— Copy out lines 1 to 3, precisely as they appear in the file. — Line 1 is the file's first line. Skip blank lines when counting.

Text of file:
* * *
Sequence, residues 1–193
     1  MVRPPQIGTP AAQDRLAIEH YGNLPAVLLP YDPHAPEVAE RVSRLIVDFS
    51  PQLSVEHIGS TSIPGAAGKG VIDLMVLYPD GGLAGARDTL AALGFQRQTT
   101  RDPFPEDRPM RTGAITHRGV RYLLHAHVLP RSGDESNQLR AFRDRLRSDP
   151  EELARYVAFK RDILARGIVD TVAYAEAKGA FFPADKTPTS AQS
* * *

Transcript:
Sequence, residues 1–193
     1  MVRPPQIGTP AAQDRLAIEH YGNLPAVLLP YDPHAPEVAE RVSRLIVDFS
    51  PQLSVEHIGS TSIPGAAGKG VIDLMVLYPD GGLAGARDTL AALGFQRQTT